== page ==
Despite the shock, Nepomniachtchi immediately struck back with a resourceful tactic in 30.Qxb3! to regain his advantage.

RCC 2022 Chess.com
Nepomniachtchi lost a tough game against Paravyan. Photo: Maria Emelianova/Chess.com.

From there, the battle raged on with Paravyan holding his position together and even gaining the advantage of a queen against a rook and bishop, despite having under 15 seconds to Nepomniachtchi’s nearly 4 minutes on the clock. Nepomniachtchi responded by setting up a fortress, holding off Paravyan’s queen and passed pawn. The game finally looked like it had calmed to a draw when the dangers of pre-move led to an unexpected victory for Paravyan, capping off an unbelievable game.

Caruana won his game against Demchenko and showed his uncanny ability to gradually turn a slightly worse position into a winning one:

Aronian versus Dubov was a close game until the very last seconds. With around 10 seconds left for each player in a nearly equal position, Dubov’s 59…Re3? gave Aronian the chance to win a pawn and achieve a winning ending.

In the semifinals, Aronian and Nakamura faced each other yet again. Seirawan commented: “If you were just to write a book of their games, it would be a trilogy.”

If you were just to write a book of their games, it would be a trilogy.


Though it ended as a draw, their first game had one fascinating feature in common with their game in the Swiss: Nakamura’s kingside pawns aggressively marching down the board in the exact same way toward Aronian’s castled king.

In the blitz tiebreak, Aronian gained an extra pawn and then a second one in a two knights versus two bishops middlegame. It looked like a comfortable win for Aronian when Nakamura fought back, regaining one of the pawns and reaching a bishop versus knight ending with very few pawns left on the board. Ultimately, though, Aronian was able to hold on to his last pawn and convert to a win.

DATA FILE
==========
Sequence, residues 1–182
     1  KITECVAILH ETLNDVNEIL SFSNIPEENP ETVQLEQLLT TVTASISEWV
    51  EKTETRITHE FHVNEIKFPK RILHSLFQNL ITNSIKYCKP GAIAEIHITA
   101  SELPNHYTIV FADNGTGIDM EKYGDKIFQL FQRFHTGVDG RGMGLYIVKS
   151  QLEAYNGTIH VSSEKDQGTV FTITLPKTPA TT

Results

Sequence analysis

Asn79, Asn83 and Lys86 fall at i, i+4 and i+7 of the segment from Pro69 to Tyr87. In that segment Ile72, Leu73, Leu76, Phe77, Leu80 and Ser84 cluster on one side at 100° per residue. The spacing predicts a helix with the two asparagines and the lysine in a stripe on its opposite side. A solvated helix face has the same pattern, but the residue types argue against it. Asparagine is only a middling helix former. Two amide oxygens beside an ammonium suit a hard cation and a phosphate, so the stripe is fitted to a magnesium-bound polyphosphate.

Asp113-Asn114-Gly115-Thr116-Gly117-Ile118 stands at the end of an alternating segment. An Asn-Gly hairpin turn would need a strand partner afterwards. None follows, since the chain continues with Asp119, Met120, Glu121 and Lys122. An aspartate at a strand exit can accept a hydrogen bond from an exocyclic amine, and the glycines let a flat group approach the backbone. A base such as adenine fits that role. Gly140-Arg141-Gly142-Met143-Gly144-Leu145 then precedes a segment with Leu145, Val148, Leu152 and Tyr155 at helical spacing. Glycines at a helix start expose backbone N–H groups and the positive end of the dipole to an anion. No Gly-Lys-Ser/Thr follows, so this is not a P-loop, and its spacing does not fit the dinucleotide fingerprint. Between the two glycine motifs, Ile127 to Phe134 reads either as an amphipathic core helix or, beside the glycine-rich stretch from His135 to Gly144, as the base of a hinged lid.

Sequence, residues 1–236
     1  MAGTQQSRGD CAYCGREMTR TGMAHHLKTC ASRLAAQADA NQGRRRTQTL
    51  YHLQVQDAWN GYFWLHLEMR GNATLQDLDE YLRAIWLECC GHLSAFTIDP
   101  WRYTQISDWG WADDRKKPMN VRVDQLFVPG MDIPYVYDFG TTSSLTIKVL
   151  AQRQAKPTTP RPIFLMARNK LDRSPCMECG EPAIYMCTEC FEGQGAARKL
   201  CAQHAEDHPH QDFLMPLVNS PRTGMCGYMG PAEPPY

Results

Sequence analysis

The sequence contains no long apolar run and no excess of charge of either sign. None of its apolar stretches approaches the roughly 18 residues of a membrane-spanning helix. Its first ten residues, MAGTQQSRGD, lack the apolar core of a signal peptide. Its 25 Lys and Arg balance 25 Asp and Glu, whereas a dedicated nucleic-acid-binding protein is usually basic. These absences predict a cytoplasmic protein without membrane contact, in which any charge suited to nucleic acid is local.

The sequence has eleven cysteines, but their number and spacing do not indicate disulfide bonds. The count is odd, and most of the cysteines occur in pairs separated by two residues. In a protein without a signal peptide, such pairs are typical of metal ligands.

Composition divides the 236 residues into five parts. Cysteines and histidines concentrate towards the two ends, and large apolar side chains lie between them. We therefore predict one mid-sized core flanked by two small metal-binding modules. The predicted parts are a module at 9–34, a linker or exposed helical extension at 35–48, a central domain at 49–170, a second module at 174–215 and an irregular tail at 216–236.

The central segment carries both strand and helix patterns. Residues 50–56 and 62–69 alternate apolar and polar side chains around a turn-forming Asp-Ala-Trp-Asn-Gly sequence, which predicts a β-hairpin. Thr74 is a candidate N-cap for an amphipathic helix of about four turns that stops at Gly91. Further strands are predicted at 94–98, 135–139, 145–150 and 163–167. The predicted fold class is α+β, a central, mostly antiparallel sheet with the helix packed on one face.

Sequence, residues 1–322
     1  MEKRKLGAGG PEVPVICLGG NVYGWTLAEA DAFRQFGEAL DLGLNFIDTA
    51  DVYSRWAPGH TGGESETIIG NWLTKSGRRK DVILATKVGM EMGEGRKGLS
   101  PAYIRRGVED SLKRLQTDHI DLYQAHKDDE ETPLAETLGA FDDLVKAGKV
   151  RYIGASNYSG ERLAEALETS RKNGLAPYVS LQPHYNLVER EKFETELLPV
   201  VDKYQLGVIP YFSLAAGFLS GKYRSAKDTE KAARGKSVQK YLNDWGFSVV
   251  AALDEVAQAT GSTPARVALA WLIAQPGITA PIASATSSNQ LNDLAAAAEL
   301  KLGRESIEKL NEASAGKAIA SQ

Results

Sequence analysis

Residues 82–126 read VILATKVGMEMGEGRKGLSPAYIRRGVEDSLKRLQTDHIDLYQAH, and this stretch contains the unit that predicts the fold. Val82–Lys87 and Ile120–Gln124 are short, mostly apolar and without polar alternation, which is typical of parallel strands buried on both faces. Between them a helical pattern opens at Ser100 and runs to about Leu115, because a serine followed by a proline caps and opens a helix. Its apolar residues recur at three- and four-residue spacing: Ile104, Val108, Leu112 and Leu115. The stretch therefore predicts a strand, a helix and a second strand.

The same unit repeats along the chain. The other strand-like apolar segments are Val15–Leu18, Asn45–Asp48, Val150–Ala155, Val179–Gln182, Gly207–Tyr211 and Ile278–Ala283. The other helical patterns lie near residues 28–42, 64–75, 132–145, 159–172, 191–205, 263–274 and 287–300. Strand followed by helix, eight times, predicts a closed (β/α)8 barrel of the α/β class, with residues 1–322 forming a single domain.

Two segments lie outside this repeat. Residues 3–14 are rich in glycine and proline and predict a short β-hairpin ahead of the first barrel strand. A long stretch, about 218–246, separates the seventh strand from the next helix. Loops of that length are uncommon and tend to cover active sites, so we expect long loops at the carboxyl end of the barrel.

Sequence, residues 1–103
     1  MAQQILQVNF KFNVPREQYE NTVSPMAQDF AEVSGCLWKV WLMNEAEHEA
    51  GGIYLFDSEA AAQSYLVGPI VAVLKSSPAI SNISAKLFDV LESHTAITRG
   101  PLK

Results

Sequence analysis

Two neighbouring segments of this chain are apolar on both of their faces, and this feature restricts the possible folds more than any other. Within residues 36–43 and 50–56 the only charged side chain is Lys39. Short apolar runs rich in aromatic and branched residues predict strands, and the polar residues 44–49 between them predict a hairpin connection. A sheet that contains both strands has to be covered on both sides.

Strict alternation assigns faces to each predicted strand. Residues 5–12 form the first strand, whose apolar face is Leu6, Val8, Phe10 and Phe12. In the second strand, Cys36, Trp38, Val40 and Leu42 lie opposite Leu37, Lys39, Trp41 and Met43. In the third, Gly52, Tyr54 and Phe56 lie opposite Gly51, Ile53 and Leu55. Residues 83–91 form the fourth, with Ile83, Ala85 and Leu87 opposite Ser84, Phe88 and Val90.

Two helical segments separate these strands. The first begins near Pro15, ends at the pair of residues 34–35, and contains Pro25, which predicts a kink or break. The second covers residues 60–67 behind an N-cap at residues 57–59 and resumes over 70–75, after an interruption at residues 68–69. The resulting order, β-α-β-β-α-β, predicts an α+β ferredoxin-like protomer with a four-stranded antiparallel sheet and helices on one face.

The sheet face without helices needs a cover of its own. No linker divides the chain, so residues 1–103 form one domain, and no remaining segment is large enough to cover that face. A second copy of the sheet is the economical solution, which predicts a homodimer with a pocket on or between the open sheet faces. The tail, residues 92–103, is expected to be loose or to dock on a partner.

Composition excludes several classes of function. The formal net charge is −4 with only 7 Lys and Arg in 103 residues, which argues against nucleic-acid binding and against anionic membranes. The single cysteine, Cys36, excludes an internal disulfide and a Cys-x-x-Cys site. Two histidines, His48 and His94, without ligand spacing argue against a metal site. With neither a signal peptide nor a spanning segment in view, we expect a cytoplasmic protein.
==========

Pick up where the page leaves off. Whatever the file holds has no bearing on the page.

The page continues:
2022 RCC Chess.com
Aronian won his first Chess.com RCC event. Photo: Maria Emelianova/Chess.com.

Paravyan seems to be a master at using his own time trouble to his advantage. It can be very distracting to see your opponent’s clock so much lower than your own. Visions of their clock ticking down to zero and the smell of victory nearing can conflict with the tense battle still taking place on the board. In their first game, with just seconds on his clock, Paravyan came really close to defeating Caruana in another battle of two bishops versus two knights. 

Caruana managed a clean victory in the blitz tiebreak. Paravyan blundered a pawn in an unfortunate fashion with 21.Nd4?, and Caruana carefully converted his advantage, never letting Paravyan back into the game. 

RCC 2022 Chess.com
Caruana defeated Paravyan to reach the final. Photo: Maria Emelianova/Chess.com.

The final game between Caruana and Aronian looked like a completely even game throughout, gradually trading towards a draw, when Caruana made an inaccuracy in the bishop vs. knight ending, allowing Aronian to penetrate with his king and win. 

Aronian was a gracious winner with a number of positive things to say about his competitor, Caruana.

Standings, Results, Prizes

The winner of the Swiss tournament is Nakamura, and the winner of the knockout tournament is Aronian. Below are the full standings and prizes of the knockout:

Sunday Knockout | Final Standings – EDITOR: UPDATE

# Fed Player Place Prize
1 Levon Aronian Winner $7,500
2 Fabiano Caruana Finalist $3,500
3-4 Hikaru Nakamura Semifinalist $2,500
3-4 David Paravyan Semifinalist $2,500
5-8 Wesley So Quarterfinalist $1,000
5-8 Alexey Dreev Quarterfinalist $1,000
5-8 Peter Svidler Quarterfinalist $1,000
5-8 David Anton Guijarro Quarterfinalist $1,000

Rapid Chess Championship 2022 week 4 bracket

The Rapid Chess Championship is brought to you by Coinbase. Whether you’re looking to make your first crypto purchase or you’re an experienced trader, Coinbase has you covered. Earn crypto by learning about crypto with Coinbase Earn, explore DeFi and web3 with Coinbase Wallet, get exclusive rewards when you spend with Coinbase Card, and much more. Learn more at coinbase.com/chess and get $10 in bitcoin when you sign up and verify your account.